Television and the visual culture are “creating new conceptions of knowledge and how it is acquired” (p. 145). Neil Postman in his book, Amusing Ourselves to Death explains the effects of television and visual culture on the youth education curriculum. Postman believed it necessary to warn society of the consequences of living in a culture dominated by television. As for my opinion on this matter, I do not agree with Neil Postman’s statements in regards to television and our youth’s education. I believe it is not the crisis Neil Postman makes it out to be.
In our youth education curriculum, teaching has developed to make learning easier for our youth to understand based on television as a curriculum. Television is a curriculum due to its ability to control time attention and influence the cognitive habits of our youth. Television is a curriculum because it has the power to control our youth’s education. In no way does this put blame on network executives, though viewers and parents are unaware of the lasting effects watching television has on our youth’s ability to learn.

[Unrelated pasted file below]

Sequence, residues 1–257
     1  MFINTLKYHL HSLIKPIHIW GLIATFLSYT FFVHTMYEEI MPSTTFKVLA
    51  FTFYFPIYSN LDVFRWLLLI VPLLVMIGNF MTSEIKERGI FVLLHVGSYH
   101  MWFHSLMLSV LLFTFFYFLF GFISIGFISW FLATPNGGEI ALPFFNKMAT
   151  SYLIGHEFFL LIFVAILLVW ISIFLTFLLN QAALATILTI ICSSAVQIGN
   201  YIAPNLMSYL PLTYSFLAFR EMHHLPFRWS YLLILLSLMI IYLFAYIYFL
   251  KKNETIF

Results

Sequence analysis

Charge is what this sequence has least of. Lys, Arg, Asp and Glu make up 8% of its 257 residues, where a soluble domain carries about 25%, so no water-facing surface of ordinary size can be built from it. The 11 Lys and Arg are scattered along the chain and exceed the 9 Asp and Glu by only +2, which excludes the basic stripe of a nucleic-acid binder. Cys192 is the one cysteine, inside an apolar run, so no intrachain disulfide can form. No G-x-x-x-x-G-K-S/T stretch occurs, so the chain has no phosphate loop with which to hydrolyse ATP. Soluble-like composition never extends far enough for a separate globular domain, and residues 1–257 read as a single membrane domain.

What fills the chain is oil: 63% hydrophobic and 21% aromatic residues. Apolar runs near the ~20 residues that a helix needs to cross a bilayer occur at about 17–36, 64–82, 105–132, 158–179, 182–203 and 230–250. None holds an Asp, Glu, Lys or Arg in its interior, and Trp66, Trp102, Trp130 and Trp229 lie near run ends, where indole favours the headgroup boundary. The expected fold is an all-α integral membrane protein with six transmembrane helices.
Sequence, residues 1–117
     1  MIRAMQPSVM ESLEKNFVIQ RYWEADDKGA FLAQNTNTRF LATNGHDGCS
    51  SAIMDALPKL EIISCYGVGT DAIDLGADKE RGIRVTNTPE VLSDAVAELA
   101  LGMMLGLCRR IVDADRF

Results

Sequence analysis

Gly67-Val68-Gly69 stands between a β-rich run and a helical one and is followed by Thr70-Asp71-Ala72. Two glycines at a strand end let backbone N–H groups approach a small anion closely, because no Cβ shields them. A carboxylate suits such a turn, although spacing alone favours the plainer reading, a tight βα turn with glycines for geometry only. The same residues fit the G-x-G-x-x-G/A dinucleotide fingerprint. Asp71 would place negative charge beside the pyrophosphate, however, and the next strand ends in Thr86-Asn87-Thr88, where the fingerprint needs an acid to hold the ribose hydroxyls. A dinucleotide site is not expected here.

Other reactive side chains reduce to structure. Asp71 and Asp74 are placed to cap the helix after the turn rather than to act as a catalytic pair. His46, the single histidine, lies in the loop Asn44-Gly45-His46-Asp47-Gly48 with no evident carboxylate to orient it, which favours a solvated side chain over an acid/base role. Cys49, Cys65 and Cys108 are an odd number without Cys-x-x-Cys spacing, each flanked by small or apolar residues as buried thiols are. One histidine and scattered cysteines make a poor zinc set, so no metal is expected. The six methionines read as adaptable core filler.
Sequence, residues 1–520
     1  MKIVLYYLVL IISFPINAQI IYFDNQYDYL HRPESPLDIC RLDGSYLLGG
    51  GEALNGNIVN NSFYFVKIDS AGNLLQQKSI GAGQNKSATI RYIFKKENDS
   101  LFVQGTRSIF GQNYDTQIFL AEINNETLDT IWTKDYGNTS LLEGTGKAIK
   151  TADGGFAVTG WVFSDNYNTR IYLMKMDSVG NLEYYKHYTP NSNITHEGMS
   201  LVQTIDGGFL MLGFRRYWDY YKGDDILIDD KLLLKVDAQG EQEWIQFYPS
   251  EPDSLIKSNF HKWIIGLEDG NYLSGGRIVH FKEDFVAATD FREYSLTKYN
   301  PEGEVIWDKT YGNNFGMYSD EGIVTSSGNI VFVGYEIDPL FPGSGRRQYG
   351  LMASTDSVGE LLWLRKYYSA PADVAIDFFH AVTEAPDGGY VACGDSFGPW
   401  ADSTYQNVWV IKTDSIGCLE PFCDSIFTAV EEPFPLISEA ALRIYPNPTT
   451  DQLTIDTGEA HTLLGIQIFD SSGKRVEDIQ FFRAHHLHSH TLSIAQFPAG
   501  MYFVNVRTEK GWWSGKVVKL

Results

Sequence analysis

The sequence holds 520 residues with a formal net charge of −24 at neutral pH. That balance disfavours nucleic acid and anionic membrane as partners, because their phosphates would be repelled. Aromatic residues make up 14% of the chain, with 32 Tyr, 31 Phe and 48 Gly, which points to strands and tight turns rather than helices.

Parents and the youth viewers should be aware of the lasting effects watching television, but I think the transition of education curriculums are only natural when influential technologies are involved. I believe when a new technology is created we should use and enhance it to the best of its ability. If the new technology can be used to change the education curriculum, then I believe we are enhancing both the technology product and the education curriculum. If technologies change our culture it could quite possibly be for the better, and humankind could be developing for the better.
The vital difference ...
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..., and even social media would be added to the curriculum. Neil Postman would most likely be appalled at the amount of information I learn through the internet, and the formats that I learn the information in. For example, BuzzFeed News is an application on my cellphone that give information through videos, music, and images. All the formats that television used, but quicker.
In 1985, television was a platform to use for educational purposes and entertainment. It did teach our youth that teaching and learning could be both fun and educational. With new developing technologies, it is only natural for our culture of education to develop. Although the format of education changes, change is not a bad thing. I see images, video, music, and all media as tools for our youth to learn. Making viewers and users aware of the impacts is necessary to inform the generation to come.
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